This is not an advice blog, really. It is a blog about advice, and as a side-effect it contains some advice of its own. But the main topic here is the advice given by others and how bad it is. And not just any advice. I mean to talk about advice on a single subject of almost universal interest: money.
Money, or to use its proper name, personal finance, is one of the major genres of advice in the media, up there with dieting and sex. Of course, I’ve never read a dieting book and I’ve never flipped through a sex manual without a smirk, so for all I know the advice given on those topics is similarly lousy. But I have read a lot of personal finance books, articles, and blogs, and I’ve even managed to sit through some TV shows and heard some rather tedious radio call-in shows on money. Some are better than others. Some have good production values and a few are even entertaining. But they all seem to fall down on content. The best ones give advice that is only approximately sound and the worst say things that are just flat out wrong.
My qualifications for giving personal financial advice, and for criticizing the advice of others, are thin. Then again, the qualifications of the established experts in this field seem no more substantial. Mostly, what they have that I do not is the circular proof that they are qualified to give advice because that is what they do professionally.
I am an unemployed finance guy. To be more specific, I used to run a hedge fund. (The fund’s end was not dramatic, BTW. No frauds or spectacular losses. We had a mediocre year and my partner decided he wanted to do something else with his life, so we closed up shop.) I studied economics at an Ivy League college, got an MBA in finance at another Ivy, and have the usual assortment of licenses and letters after my name. All told, I have spent twelve years being paid rather nicely to invest other people’s money. So listening to what I have to say about personal finance is not the craziest thing you could do, even if I do not have my own TV show. Yet.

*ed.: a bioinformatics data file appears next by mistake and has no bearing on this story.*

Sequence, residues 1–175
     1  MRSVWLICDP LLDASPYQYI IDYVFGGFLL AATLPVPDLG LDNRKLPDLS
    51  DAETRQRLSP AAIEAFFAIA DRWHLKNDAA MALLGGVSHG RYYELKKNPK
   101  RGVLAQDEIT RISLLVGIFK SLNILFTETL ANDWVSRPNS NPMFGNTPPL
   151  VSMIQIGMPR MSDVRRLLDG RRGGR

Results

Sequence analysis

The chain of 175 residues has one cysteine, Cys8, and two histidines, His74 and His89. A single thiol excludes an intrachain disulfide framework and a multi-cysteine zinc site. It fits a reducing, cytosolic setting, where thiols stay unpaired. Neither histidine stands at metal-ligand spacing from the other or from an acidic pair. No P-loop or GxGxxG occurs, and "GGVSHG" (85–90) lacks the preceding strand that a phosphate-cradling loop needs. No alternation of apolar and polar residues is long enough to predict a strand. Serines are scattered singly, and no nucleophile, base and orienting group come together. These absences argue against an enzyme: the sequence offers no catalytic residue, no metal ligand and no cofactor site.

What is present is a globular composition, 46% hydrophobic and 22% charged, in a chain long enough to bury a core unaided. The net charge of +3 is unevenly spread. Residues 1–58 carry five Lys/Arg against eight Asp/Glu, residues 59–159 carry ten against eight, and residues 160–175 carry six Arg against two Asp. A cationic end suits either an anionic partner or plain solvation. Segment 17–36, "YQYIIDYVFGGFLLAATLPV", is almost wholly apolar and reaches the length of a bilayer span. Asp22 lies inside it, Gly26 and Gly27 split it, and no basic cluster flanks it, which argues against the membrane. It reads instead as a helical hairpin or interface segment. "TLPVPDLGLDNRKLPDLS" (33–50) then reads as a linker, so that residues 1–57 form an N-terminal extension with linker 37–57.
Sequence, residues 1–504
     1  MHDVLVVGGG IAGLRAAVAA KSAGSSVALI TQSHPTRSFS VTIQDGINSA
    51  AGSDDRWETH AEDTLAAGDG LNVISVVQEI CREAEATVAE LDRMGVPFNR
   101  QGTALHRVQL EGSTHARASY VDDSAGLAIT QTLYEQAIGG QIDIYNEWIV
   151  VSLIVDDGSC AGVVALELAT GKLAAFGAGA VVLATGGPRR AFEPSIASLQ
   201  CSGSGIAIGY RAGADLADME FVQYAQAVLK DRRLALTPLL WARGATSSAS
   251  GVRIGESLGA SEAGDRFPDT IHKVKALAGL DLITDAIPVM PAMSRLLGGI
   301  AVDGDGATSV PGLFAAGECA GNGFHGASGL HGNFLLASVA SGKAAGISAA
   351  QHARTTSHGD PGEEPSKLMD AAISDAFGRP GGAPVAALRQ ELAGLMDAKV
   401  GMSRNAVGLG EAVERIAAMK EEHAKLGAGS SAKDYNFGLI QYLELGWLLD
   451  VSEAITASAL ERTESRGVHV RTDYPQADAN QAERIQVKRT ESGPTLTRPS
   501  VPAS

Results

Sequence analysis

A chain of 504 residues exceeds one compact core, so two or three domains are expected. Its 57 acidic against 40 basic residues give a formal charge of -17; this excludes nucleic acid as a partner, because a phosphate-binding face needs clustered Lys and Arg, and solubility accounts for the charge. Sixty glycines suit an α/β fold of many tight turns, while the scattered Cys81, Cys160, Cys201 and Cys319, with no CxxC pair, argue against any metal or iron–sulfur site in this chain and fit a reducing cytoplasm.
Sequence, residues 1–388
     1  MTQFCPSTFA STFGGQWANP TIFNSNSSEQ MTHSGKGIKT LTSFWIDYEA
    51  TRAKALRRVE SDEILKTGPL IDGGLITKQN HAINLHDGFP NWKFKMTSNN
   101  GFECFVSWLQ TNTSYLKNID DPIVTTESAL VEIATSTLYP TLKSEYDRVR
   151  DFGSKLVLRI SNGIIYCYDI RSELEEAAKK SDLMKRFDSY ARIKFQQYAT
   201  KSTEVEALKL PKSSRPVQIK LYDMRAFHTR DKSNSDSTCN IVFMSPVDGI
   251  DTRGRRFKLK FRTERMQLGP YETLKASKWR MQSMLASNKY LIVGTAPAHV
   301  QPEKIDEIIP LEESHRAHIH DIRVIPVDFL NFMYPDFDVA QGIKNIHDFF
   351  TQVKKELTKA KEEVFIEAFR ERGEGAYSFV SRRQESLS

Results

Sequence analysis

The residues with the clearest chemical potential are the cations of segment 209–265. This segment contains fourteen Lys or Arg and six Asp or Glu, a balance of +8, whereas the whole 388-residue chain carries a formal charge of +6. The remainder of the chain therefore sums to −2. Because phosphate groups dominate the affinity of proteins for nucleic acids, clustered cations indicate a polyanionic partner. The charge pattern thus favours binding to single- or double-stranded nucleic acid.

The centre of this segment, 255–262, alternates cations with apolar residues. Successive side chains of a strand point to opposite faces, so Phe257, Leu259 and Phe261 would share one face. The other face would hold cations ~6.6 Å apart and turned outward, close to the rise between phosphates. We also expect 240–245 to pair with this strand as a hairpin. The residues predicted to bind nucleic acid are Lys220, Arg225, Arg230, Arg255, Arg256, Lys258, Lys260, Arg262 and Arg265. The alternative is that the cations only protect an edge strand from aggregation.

Then again, I am unemployed. That’s not exactly a unique situation right now, particularly in my line of work, but still a person might reasonably wonder: if I was really as smart about this stuff as I apparently think I am, would I have the free time to write this blog? That’s a good question for which I have no answer. But it does bring up a fundamental difference between advice on money and advice on, for example, dieting and sex.
Writing a book or blog is a natural next step for a person who is very good at dieting or sex. There is only so much weight a person can lose and only so much sex a person can have. (So I am told.) Opportunities to do either of those things at a higher or more advanced level are limited. So sharing the secrets with others in exchange for fame/money is about all you can do.
This is not the case with money. A person good at money generally keeps working at adding zeros to his net worth until he can buy an island to retire to. So who, you might reasonably ask, writes all those books and gives all those seminars? People who are clever about money but so naturally generous that they want to share their insights with others rather than profit by them personally? Can I interest you in a bridge I have for sale over the East River?
There is another, much more serious, difference between advice on dieting or sex and advice on money. If the advice everybody got on dieting and sex was faulty, that would be somewhat unfortunate for the nation. We would be a little chubbier and a little less happy in bed. But if bad advice on money is widespread and followed we’re all in big trouble. If, to imagine a far-fetched example, millions of people were told to buy more house than they could afford, the inevitable housing price bubble might set off a crisis in the capital markets that could plunge the whole world into a recession.
Left wing types like to fantasize that the economy is controlled by a small and sinister elite. That might have been true somewhere at sometime, but it is very far from the reality of the here and now. Ours is an economy controlled by millions of ordinary people, each with responsibility for a tiny bit of it. If a lot of them do a bad job of running their slice of the pie, then we all suffer, even those of us who are clever and thoughtful about money.
The premise of this blog is twofold: that personal finance advice ought to be taken seriously and that it needs to be a lot better than it is now.